An Introduction to Social Entrepreneurship

An Introduction to Social Entrepreneurship

Voices, Preconditions, Contexts

Edited by Rafeal Ziegler

This timely book sets social entrepreneurship in a historical context, from its philanthropic beginnings in the Victorian era to the present day, against the backdrop of contemporary global capitalism.

Chapter 8: Forgotten Antecedents: Entrepreneurship, Ideology and History

Rob Boddice

Subjects: business and management, entrepreneurship, social entrepreneurship, development studies, development studies, social entrepreneurship, politics and public policy, social entrepreneurship, social policy and sociology, comparative social policy, social policy in emerging countries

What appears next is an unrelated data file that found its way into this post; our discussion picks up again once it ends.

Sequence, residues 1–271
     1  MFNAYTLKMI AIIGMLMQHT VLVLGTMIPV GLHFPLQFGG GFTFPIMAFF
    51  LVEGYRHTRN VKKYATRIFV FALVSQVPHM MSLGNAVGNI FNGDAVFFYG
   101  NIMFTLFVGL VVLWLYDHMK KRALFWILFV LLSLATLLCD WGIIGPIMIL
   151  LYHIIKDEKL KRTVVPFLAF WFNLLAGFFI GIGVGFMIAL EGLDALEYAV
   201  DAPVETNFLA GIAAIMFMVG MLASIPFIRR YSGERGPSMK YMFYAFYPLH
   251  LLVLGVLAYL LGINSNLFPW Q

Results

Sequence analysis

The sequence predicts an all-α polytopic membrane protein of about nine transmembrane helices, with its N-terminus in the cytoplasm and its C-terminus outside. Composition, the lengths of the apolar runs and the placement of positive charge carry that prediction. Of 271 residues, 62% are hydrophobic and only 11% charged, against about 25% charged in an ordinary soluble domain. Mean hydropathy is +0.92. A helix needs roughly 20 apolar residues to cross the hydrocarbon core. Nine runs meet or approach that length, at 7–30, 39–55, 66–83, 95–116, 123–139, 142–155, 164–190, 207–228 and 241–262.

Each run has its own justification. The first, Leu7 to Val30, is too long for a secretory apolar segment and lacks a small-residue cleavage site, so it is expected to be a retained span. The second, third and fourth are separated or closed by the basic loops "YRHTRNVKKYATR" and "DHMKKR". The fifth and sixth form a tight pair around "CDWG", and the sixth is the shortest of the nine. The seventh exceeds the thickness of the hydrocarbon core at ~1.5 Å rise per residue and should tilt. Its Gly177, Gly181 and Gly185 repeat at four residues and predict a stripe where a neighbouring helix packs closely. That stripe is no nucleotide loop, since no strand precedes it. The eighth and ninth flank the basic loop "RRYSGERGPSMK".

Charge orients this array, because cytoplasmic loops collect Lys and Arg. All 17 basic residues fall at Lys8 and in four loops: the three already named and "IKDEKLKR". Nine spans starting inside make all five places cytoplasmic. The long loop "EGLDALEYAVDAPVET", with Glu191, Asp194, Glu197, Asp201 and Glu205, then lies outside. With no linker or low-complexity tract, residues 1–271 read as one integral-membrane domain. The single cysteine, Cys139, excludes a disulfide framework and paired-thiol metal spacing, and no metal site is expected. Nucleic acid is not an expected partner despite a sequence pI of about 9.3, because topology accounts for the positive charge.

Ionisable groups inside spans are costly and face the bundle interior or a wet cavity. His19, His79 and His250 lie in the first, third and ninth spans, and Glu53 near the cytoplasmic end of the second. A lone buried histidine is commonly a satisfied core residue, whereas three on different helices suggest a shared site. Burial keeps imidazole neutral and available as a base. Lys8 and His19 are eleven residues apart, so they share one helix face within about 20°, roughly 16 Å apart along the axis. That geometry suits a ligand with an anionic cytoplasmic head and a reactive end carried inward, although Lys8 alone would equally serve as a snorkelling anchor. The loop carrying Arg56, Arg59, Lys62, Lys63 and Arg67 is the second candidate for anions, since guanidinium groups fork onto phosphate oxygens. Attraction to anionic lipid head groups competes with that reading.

Rob Boddice ‘Well! I’ve often seen a cat without a grin’, thought Alice; ‘but a grin without a cat! It’s the most curious thing I ever saw in all my life!’ (Carroll, 1865 [2007]: 94) 8.1 INTRODUCTION: SOCIAL ENTREPRENEURSHIP – A GRIN WITHOUT A CAT Judging by the historical perspective of contemporary scholars in the field, social entrepreneurship is an entirely new and unprecedented activity. Researchers struggle to define the concept and its associated activities, often trying to determine the novel, contemporary circumstances that gave rise to this unfamiliar phenomenon; sponsors of social entrepreneurs, meanwhile, herald the heretofore unseen sweeping of the field by heroic personalities who succeed as entrepreneurs and as social developers/reformers where governments and charities have previously failed.1 Not only that, but social entrepreneurs are credited with a unique vision, seeing the roots of problems beyond their symptoms, and forming ingenious strategies to overcome difficulties and implement change that is valuable, sustainable and profitable. These people are, as Ashoka points out, of exceptional ethical fibre. Social entrepreneurs, it would seem, are at the forefront of human evolution, and their existence was scarcely possible until now.2 It will be my contention that such a view really just presents the symptoms without the causes. The apparent newness of social-entrepreneurial activity belies the traditions upon which it rests, and panegyrics in its favour (often put forward by sponsoring groups) tend to draw a veil over the substance and variety of motives and ideologies carried by social entrepreneurs...

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